If an infection comes back a few weeks after taking antibiotics, because the full dose and prescribed amount of antibiotics wasn't taken, does this mean that the bacteria is now immune to that antibiotic? Or can it still be treated the same way?

1 Answer 1


First of all, nothing is immune to anything, just resistant, and resisitance itself varies. If you develop a bacterial or viral disease, your body will develop antibodies against it. This makes you resistant to the bacteria or virus, but not immune. If you are exposed to a sufficient quantity of that same agent, you will develop the disease again. This is true for antibiotic-resistance, as well.

So...when you take antibiotics for some bacterial disease, some small percentage of those bacteria may be naturally resistant to the bacterium simply because of genetic mutation, may have developed strategies that allow it to mutate in response to environmental stimuli, or have borrowed it from cross-breeding1. When you start taking the antibiotic, it kills off the non-resistant bacterial population first, which is generally the vast majority if it. Normally, you are prescribed a sufficient amount of antibiotic to kill off the whole bacterial population. The problem arises when people stop the antibiotic regimen because they're feeling fine and see no reason for taking the remaining prescription. This leaves behind the resistant bacteria. And if your immune system doesn't take care of the rest, you will redevelop the disease, and it will then be resistant the that antibiotic. Not only that, but you will then spread that antibiotic-resistant bacteria to others.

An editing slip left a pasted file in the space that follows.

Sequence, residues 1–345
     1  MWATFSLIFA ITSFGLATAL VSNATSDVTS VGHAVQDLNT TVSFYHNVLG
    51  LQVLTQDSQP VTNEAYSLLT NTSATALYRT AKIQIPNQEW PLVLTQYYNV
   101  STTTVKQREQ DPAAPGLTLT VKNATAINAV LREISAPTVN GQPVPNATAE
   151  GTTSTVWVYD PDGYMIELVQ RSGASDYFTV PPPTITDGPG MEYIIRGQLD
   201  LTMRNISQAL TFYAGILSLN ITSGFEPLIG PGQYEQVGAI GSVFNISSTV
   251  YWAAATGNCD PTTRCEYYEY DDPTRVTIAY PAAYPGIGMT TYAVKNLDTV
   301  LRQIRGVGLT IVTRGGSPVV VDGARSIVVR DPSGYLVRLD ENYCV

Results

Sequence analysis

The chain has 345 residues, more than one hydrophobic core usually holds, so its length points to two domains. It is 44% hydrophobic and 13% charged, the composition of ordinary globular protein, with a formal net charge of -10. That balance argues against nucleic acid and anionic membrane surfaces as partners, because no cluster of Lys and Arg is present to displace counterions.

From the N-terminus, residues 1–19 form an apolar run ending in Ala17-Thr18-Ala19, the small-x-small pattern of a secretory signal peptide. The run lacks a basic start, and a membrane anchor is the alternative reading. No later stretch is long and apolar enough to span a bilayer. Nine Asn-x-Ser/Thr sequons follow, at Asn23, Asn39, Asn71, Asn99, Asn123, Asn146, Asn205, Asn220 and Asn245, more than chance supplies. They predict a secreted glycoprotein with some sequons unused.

Depending on the strength of the bacteria's resistance the disease may nor may not need to be treated with a different antibiotic, but most likely it will. If treated with the same antibiotic, the dosage and/or duration will need to be increased.

Here's a decent article.

Note: by mentioning viruses I do not mean to imply that antibiotics may be used to treat viral infections. Also, I omitted bacterial resistance developed by other means (e.g. farm animals, food sources) because it seemed beyond the OP's question.

  • Although your answer seems sound, could you provide some more references for the claims you make? That would be great!
    – Narusan
    Jul 7, 2017 at 21:59
  • 1
    This information is based on articles I've read over the years about genetics, evolution, and disease, so I don't know if I can find citations for anything in particular. However, if I can find something, I will update my answer. (And yes, I did search for some corroborating material before I posted this. Unfortunately, even articles from reputable sources make inaccurate claims about evolution and genetics, possibly because they're aimed at the general population and, therefore, make shortcuts in logic.)
    – BillDOe
    Jul 7, 2017 at 22:19
  • I've upvoted your answer because I feel like it deserves attention and you actually do have a reference included. I just wanted to remind you of community guidelines, and thought you might have forgotten to simply include some links.
    – Narusan
    Jul 7, 2017 at 22:20

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